Often enough the Christian view of things will itself suggest some specific solution in certain circumstances. Yet it happens rather frequently, and legitimately so, that with equal sincerity some of the faithful will disagree with others on a given matter. Even against the intentions of their proponents, however, solutions proposed on one side or another may be easily confused by many people with the Gospel message. Hence it is necessary for people to remember that no one is allowed in the aforementioned situations to appropriate the Church's authority for his opinion. They should always try to enlighten one another through honest discussion, preserving mutual charity and caring above all for the common good. (GS 43)

On Limited Powers of Government
Citizens, for their part, either individually or collectively, must be careful not to attribute excessive power to public authority, not to make exaggerated and untimely demands upon it in their own interests, lessening in this way the responsible role of persons, families and social groups. (GS 75)

[Moreover}, it is inhuman for public authority to fall back on dictatorial systems or totalitarian methods which violate the rights of the person or social groups. (GS 75)

On the Church's Willingeness to Compromise:
She [the Church] will even give up the exercise of certain rights which have been legitimately acquired, if it becomes clear that their use will cast doubt on the sincerity of her witness or that new ways of life demand new methods.

On Separation of Church and State
It is very important, especially where a pluralistic society prevails, that there be a correct notion of the relationship between the political community and the Church, and a clear distinction between the tasks which Christians undertake, individually or as a group, on their own responsibility as citizens guided by the dictates of a Christian conscience, and the activities which, in union with their pastors, they carry out in the name of the Church. The Church, by reason of her role and competence, is not identified in any way with the political community nor bound to any political system. She is at once a sign and a safeguard of the transcendent character of the human person. The Church and the political community in their own fields are autonomous and independent from each other. (GS 76)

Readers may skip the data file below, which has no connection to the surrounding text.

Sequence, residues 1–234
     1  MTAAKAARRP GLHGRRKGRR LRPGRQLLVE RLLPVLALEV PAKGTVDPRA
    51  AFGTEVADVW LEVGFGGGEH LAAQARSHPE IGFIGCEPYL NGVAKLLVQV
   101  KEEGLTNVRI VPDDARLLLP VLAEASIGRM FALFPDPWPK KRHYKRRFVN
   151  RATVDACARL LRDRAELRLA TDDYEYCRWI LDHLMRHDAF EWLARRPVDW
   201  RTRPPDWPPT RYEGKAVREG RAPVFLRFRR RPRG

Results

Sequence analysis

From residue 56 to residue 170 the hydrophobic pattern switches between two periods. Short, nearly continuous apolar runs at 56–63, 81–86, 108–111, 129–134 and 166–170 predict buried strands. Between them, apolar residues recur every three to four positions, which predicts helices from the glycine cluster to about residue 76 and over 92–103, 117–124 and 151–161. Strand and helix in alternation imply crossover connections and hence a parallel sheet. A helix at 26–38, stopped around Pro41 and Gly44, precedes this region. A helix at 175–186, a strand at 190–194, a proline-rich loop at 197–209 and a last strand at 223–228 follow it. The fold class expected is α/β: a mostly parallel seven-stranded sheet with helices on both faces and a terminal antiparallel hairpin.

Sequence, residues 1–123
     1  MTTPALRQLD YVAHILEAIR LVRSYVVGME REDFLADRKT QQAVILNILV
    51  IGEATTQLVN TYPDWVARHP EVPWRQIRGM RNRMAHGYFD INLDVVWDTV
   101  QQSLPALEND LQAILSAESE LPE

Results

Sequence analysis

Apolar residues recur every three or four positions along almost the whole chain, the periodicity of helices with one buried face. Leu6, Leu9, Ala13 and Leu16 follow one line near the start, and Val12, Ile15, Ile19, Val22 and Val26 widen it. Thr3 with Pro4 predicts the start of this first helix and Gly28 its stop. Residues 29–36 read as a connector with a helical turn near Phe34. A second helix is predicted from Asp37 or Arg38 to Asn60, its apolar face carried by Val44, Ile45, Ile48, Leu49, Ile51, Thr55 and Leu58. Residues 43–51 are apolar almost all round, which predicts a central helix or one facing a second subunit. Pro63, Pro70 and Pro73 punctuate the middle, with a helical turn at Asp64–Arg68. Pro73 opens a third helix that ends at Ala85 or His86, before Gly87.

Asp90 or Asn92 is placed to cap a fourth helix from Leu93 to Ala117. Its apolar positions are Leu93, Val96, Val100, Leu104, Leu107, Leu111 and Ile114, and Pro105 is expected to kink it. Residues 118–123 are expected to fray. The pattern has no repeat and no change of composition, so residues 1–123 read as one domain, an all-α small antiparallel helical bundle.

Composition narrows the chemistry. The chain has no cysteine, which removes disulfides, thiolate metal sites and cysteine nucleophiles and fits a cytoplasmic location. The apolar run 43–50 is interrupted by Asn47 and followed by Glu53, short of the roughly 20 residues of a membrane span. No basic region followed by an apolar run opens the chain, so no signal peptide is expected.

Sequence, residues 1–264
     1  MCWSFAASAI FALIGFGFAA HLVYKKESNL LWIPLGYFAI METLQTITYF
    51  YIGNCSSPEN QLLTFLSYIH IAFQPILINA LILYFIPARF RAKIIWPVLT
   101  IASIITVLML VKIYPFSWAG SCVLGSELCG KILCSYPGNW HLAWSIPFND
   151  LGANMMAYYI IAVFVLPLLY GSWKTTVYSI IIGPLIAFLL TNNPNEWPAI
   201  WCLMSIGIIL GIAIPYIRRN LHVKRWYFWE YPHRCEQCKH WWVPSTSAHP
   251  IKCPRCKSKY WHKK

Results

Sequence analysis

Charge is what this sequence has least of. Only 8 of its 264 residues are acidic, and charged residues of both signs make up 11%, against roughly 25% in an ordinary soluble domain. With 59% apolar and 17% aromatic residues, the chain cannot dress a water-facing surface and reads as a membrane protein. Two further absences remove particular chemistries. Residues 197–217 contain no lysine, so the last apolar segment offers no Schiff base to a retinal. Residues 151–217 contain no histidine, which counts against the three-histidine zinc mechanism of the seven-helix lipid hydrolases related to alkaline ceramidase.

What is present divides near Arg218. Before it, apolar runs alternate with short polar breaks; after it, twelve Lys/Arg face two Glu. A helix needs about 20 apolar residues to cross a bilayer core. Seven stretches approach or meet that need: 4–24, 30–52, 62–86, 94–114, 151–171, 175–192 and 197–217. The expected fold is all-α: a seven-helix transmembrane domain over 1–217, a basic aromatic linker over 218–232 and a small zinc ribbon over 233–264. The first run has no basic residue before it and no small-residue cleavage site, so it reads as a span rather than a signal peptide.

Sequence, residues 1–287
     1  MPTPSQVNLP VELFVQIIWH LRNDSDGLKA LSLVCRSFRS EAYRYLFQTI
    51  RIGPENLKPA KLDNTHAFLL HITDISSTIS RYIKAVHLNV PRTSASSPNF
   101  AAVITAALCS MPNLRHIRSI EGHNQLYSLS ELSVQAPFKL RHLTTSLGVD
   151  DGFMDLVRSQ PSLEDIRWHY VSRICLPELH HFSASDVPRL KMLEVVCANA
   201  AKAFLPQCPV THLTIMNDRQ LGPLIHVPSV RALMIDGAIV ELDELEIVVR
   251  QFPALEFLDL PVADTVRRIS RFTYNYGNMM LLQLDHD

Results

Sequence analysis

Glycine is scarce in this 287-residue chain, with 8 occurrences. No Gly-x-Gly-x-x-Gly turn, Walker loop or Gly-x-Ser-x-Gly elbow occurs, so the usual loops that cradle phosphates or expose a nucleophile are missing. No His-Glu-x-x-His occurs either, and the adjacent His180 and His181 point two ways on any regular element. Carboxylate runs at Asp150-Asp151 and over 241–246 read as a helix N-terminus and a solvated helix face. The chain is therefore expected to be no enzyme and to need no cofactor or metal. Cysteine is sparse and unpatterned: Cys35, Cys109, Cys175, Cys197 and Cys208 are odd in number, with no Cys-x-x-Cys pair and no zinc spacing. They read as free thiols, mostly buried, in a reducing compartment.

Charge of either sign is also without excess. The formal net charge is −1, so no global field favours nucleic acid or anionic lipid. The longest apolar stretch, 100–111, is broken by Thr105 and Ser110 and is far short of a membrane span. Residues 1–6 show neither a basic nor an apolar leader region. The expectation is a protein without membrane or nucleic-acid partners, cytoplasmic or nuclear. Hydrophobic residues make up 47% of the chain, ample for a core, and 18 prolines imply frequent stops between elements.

On the Obligation of Representative Leadership and Citizenry to Obey Proper Judiciary:
It follows also that political authority, both in the community as such and in the representative bodies of the state, must always be exercised within the limits of the moral order and directed toward the common good--with a dynamic concept of that good--according to the juridical order legitimately established or due to be established. When authority is so exercised, citizens are bound in conscience to obey. (GS 74)

On Making Judgments of Others:
God alone is the judge and searcher of hearts; for that reason He forbids us to make judgments about the internal guilt of anyone. (GS 28)
The last point is important in judging whether John Kerry is in a state of persistent sin that would make him ineligible for Communion. He has not denied Church teaching (see below), and it is very difficult to judge his conscience when we do not know how he votes as a private citizen. his public vote does not necessarily represent his own views. Rather, it represents the views of his constituents.

The Bishops seem to recognize and have basically shown in their recent statement that most of them feel canon 912 is more applicable than canon 915 when it comes to John Kerry and his public voting record on abortion.

Peace and blessings!

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posted by Jcecil3 3:03 PM